It’s been so long since I wrote a whole album of songs about Eric Clapton that I hardly remember why I did it in the first place. I guess the idea germinated when I was living in Seattle and teaching guitar there. I had a whole spate of middle-aged dudes, successful white-collar types, coming in and confessing their love for Old Slowhand. I started wondering what my students saw in him. I think they liked his boring music and bought into the Clapton-is-God hype. But I think they also saw a kindred spirit–a schlubby white guy with a guitar, neatly put-together with nice clothes and a tidy haircut–and they dreamed.They related. So, I wrote a song about it, and the original thrust of my song was that you, desk-jockey, actually have far less in common with Slow Oldhand (who, after all, was a ’60s icon) than you think. “It’s not very likely that he shares your point of view,” I sing in the refrain.
I’m not immune to Clapton’s good points. I like “Bellbottom Blues” and “Lay Down Sally.” “Presence of the Lord” is just the kind of thing you’d come up with if you didn’t write “A Whiter Shade of Pale,” but wish you had. His version of “I Shot the Sheriff” is unjustly maligned; it’s pretty good! Bob Marley was courting a wider audience with his cleaner, warmer original. If anything, Clapton’s grittier version sounds more like a Studio One classic.
But I have always found Clapton’s guitar playing dull, dull, dull. As the ’70s wore on–and, no doubt, heroin began hollow him out–he took on the style of B.B. King in Las Vegas: by-the-numbers, pentatonic-scale wankery. (I have a friend who can play Clapton-style licks at me until I am clutching my sides with laughter.)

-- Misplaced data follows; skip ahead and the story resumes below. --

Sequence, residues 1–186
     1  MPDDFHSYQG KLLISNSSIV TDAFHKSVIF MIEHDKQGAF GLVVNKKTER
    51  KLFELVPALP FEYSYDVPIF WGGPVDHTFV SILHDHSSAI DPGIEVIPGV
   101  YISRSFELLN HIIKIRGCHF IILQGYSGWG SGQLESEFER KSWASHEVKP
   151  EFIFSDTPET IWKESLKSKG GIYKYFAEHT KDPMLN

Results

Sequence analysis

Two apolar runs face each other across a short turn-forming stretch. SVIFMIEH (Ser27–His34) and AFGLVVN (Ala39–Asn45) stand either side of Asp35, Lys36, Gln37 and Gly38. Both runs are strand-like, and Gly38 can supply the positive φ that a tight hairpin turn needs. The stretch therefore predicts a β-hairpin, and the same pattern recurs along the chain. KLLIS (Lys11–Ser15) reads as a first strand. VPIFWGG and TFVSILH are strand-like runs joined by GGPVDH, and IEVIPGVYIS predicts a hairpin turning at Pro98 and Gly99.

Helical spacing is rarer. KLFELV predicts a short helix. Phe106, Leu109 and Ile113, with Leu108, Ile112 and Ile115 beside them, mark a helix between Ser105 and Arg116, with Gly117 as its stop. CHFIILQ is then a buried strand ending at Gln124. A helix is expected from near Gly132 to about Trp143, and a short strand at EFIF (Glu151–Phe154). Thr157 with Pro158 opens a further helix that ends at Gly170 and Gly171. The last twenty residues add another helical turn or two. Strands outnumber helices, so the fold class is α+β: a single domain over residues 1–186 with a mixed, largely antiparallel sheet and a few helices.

Shortly after that, I began having thoughts about the music of the ’60s and ’70s. I hit upon the idea of using stations of Clapton’s life as a way to write about that period, the creche of the sort of art-rock I had been writing and performing since the ’90s. When I researched him and discovered he was kind of an asshole and probably a racist, I had a volte-face and thought, “You know, those desk-jockeys might have been onto something.” They may indeed share a point of view with Clapton.
On 7 Songs about Eric Clapton, I include songs about Robert Johnson and one about guitar teachers and one about Pattie Boyd, stirred in with others about heroin addiction and the mad zeal of irrational fandom. Does that about cover it? Well, it was enough for me. So, my band Constant Velocity toured the Midwest playing it and then recorded it.
Have I piqued your interest? Well, now my offer to you. I will donate all of the proceeds of the sale of this album over the next week to the Act Blue thermometer that splits the funds between all of the eventual candidates. But if you’d prefer not to have Great Art in your life then you could just contribute directly. I suppose.